When a white Chihuahua bit a San Francisco General Hospital security officer on the hand Sept. 30, the experience was no doubt jarring. But it pales in comparison to the daily security issues at the busy public institution.
From Sept. 19 to Oct. 8, the weeks before missing patient Lynne Spalding was found dead in a hospital stairwell, there were more than 30 incidents reported, according to records obtained by The San Francisco Examiner. They included thefts, assaults, trespassing and vandalism, and issues involving mentally ill patients.
While the hospital and its Sheriff’s Department-run security staff have faced unrelenting criticism since Spalding was found in a seldom-used stairwell Oct. 8, the daily security challenges appear to be myriad. Former security staff argue the criticism has been ignorant of the complex environment at S.F. General.
“It’s been terribly unfair,” Stephen La Plante, former chief of the Department of Public Health’s institutional police officer force, said of the media coverage. “I’m simply disappointed that the folks in The City that should be explaining to everyone the complexity of working there haven’t spoken up.”
Take, for instance, Sept. 20.
At 1 p.m. that day, while breaking up an argument between two patients, a nurse was injured.
At 11:30 p.m., a female patient had to be restrained by officers and sedated after nearly dislocating the arm of the nurse who was treating her.
When officers came to the scene, they found the patient “wearing a ‘spit mask’ [a meshlike head cover used to prevent spittle from passing from one person to another] … actively attempting to spit and bite medical staff.” The patient had “become combative and kicked [the] victim in her left arm with such force that the victim’s body was thrown into a cabinet.”
On other days there were more serious incidents.
A male dialysis patient was arrested Sept. 27 after pulling a knife on a nurse.
The man became upset because someone had taken his dialysis chair. When the nurse on duty tried to calm him, he started cursing and then pulled out a knife and pointed it at the nurse.
Another day, Sept. 20, security responded to a battery case in a part of the hospital that deals with psychiatric emergencies after a homeless woman who was brought to the hospital for “assaultive behavior” threw urine at a doctor.
“I had my back facing one of the patient bathrooms,” wrote the doctor as part of the incident report. Then the patient came “out of the bathroom and threw an entire container of urine directly at me, without any provocation. The urine soaked my hair, my shirt … soaked through my undershirt, and soaked my pants.”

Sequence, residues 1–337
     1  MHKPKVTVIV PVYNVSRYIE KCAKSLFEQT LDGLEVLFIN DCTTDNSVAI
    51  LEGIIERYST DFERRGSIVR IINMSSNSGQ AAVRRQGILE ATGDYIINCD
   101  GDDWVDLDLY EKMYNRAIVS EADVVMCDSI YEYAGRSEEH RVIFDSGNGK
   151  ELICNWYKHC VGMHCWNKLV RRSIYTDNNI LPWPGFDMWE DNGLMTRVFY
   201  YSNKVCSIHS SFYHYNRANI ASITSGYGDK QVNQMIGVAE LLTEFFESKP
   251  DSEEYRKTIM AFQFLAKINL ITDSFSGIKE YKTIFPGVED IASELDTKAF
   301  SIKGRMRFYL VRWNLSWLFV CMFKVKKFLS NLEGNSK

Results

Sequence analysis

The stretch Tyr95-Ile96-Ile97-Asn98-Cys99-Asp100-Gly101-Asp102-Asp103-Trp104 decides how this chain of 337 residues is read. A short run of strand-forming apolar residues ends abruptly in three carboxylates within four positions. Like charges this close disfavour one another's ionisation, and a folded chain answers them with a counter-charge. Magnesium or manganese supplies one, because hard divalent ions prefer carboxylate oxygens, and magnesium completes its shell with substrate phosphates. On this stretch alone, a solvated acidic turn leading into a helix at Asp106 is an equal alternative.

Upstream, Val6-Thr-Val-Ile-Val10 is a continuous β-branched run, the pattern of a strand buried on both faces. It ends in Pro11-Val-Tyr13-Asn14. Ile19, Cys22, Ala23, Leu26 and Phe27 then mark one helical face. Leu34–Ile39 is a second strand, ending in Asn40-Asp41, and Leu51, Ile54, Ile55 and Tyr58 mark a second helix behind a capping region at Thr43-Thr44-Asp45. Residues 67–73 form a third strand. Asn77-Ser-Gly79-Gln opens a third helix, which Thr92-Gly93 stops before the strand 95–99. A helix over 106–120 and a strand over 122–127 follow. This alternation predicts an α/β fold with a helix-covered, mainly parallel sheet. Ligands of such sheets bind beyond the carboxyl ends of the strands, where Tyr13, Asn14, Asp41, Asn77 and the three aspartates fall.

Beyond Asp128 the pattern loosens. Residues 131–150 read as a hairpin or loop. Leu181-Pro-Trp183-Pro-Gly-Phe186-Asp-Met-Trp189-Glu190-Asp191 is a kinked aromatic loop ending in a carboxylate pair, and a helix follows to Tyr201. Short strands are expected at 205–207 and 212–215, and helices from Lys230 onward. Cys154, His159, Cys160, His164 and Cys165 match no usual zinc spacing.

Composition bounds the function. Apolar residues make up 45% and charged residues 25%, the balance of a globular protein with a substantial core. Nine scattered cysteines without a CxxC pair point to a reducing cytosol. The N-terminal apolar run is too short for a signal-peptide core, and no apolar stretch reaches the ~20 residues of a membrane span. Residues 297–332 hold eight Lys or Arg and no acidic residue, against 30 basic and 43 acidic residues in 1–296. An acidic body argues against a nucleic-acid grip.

The doctor wrote that the patient laughed and yelled that she had thrown “pee.”
The patient was arrested, cited for battery and finally released.
And Oct. 4, a woman came to the hospital reporting that her daughter was reacting badly to drugs she had taken. Officers who went to the woman’s white van found the woman’s naked, adult daughter and three young children. The naked woman, who possessed a heroin-administering kit along with other drugs, told officers, “I’m fine, there’s nothing wrong with me, my mom is lying. I was hot and that’s why I had my clothes off.” The adult daughter was arrested and the children were placed in the custody of Child Protective Services.
Such examples are common at the hospital, said a representative for the S.F. Institutional Police Officers’ Association, which represents institutional police officers, who, along with sheriff’s deputies, patrol the hospital. IPOs were once the hospital’s only security until the Sheriff’s Department incorporated them into its ranks more than a decade ago.
“For every incident that rises to the level of a police report being generated, there’s a bunch of little brush fires,” said the representative, who asked to remain anonymous for fear of retaliation against the labor group’s members.
“It is pretty wild,” said the union rep. “They have guns drawn, they’ve had fights, they’ve had officers injured, they’ve had officers do heroic things.”
These incidents should be put into context, said La Plante. The hospital is one of only two dozen in the U.S. with professional security, and that’s for good reason — it’s an inner-city hospital serving some of the neediest patients, and has The City’s only trauma center and only involuntary psych ward.